Living on (Ir)Rations

A sinking nation must be a thinking nation to stay afloat

When Jackie Robinson took the field with the Brooklyn Dodgers in 1947, he set off a revolution in American sports. In the decades since, black players, players from Latin America, and players from Japan have achieved star status. "World Series" is a more honest title than ever. Sports have been a crucible for racial healing in America. Fans care more about winning than looking alike, and players want to compete at the highest level. Racial tensions among players and with fans get swallowed by team spirit, dissipated by humor, and dissolved into friendship and respect.

A friend said of Jackie Robinson, "Somebody made the rational decision that losing baseball games with that kind of talent in your farm system was just stupid." That somebody was Branch Rickey, and viewed six decades later, bringing Robinson to Brooklyn seems rational, but racism can short circuit rationality. Robinson played a year in Canada in the Dodger farm system with the Montreal Royals rather than jumping straight from the Negro League to Major League Baseball. That gave baseball and the United States a chance to adjust to the radical notion that a team should field the nine best players it can find. As a pure business matter, there should have been team owners willing to gamble that fans would rather win than watch lily-white baseball, but for decades none had the courage.

Professional black leagues existed alongside the majors for decades without serving as a farm system, and not for lack of talent. Racism simply excluded the notion from rational thought. Players as good and better than Robinson never got a chance. One of his Negro League teammates was Satchel Paige, a pitching legend who joined the majors at age 43, a year after Robinson broke the color barrier. Paige was dominating in his prime. As a middle-aged major leaguer he was middling, but he threw three shutout innings at age 60. Ted Williams called for Satchel Paige to be inducted into the National Baseball Hall of Fame when he spoke at his own induction.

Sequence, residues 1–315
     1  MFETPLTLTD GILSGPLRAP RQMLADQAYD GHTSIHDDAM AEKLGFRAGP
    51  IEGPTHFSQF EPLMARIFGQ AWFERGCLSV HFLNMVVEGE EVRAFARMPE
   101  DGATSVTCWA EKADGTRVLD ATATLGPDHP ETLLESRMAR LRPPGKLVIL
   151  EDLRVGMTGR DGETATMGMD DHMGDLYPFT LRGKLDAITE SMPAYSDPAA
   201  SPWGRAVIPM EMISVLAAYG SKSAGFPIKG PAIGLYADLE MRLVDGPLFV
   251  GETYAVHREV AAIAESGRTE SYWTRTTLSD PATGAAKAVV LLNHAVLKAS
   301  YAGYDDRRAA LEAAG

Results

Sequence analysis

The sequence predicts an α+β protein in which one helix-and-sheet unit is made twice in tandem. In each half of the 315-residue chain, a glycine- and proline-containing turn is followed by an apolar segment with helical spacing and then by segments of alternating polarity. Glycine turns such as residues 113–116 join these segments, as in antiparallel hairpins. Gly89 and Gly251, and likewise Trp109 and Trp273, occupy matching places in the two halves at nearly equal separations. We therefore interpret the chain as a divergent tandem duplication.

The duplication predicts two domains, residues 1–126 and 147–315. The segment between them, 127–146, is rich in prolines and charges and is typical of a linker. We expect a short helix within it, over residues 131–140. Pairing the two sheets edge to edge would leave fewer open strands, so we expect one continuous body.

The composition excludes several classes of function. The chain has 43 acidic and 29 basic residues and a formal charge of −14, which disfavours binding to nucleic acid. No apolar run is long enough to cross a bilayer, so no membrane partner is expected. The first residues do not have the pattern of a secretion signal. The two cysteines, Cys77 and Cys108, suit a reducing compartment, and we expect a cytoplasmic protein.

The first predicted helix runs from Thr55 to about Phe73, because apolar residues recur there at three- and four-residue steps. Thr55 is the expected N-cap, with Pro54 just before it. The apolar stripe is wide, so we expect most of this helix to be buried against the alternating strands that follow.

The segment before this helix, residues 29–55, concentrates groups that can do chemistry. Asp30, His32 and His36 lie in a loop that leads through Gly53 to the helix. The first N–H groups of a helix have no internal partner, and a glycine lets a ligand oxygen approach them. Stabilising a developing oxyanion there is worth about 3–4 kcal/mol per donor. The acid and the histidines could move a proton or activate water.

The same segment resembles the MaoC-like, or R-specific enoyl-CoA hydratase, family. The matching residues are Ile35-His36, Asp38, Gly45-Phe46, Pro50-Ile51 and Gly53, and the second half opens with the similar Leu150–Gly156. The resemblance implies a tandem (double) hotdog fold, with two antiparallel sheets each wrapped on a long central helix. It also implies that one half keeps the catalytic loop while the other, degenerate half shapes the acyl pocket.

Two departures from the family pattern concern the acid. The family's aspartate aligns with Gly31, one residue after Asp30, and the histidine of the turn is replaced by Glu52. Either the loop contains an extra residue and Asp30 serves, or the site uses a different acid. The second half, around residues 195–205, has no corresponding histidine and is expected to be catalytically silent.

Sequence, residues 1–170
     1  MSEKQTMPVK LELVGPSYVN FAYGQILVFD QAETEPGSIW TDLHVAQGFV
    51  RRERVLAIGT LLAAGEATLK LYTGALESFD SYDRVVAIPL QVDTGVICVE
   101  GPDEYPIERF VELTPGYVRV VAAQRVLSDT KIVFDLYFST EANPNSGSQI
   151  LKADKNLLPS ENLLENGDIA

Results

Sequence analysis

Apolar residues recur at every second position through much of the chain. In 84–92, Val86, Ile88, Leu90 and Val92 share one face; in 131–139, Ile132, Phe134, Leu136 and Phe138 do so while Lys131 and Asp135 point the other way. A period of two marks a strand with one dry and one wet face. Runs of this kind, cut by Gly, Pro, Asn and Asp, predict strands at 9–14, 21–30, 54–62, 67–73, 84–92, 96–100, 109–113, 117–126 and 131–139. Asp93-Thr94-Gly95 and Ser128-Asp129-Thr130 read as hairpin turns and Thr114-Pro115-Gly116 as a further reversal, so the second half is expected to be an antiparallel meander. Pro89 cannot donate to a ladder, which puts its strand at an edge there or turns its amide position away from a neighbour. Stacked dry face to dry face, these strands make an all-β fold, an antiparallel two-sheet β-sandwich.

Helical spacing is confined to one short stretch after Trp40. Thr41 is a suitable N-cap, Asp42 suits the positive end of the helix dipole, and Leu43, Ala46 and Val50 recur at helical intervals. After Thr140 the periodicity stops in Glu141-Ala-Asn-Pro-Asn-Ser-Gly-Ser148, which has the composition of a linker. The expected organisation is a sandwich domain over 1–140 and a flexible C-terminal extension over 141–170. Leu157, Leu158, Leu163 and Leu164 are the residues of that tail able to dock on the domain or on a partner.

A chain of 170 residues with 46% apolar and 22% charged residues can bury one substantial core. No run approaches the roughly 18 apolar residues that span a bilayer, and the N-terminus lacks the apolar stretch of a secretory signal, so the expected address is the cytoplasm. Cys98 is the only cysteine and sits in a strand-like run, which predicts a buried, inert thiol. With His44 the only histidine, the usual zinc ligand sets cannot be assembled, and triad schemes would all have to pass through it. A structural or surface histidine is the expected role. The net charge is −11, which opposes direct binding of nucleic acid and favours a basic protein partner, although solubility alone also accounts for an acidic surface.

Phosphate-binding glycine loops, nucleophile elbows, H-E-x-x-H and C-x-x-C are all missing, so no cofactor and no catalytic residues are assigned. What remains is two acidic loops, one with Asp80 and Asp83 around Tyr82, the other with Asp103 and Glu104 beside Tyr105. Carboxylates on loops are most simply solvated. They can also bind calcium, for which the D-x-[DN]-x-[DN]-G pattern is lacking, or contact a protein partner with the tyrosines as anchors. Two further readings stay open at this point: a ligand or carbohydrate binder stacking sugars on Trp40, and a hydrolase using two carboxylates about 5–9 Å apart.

We talk up our love for freedom, free markets, justice, and democracy, but we do not always live up to our goals. The color barrier kept baseball from market freedom as surely as it kept a great hitter segregated from a great pitcher. In American history, freedom has been something fought for with petitions, marches, and courageous stands. We fight with votes if we have them and for voting rights if not, and we need all the heroes we've got, even if they do nothing more than speak up for what we all know is right.

Our government has never been perfect, but democracy gives us the power to make it better. Until lately, America's history was a steady progression of improvement, but we are slipping. Financial deregulation has caused bank bailouts, a credit collapse, and a dropping dollar. Our sons and daughters are off on unending, ill-defined missions while private contractors tending to them have more dollars than they can keep track of, yet we can not assure our own citizens health care. American soldiers who built hospitals in Iraq have a hard time getting adequate care at home.

"No nation building" was a major campaign promise of George W. Bush in 2000, but he apparently never finished the sentence. "No nation-building projects—except the two I will start" is what he delivered. The Republican sales pitch has grown more dubious since, but never-ending, billion-dollar campaigns can short-circuit rationality.

No one understands justice like those deprived of it. The Democratic nomination came down to a woman and a black man because we need those who have experienced our country's problems to fix them. Women and minorities have that experience. We do not need to be a government for, of, and by white millionaires. Barack Obama has the experience America needs, and in a few decades it will seem completely rational that we put the best man in office.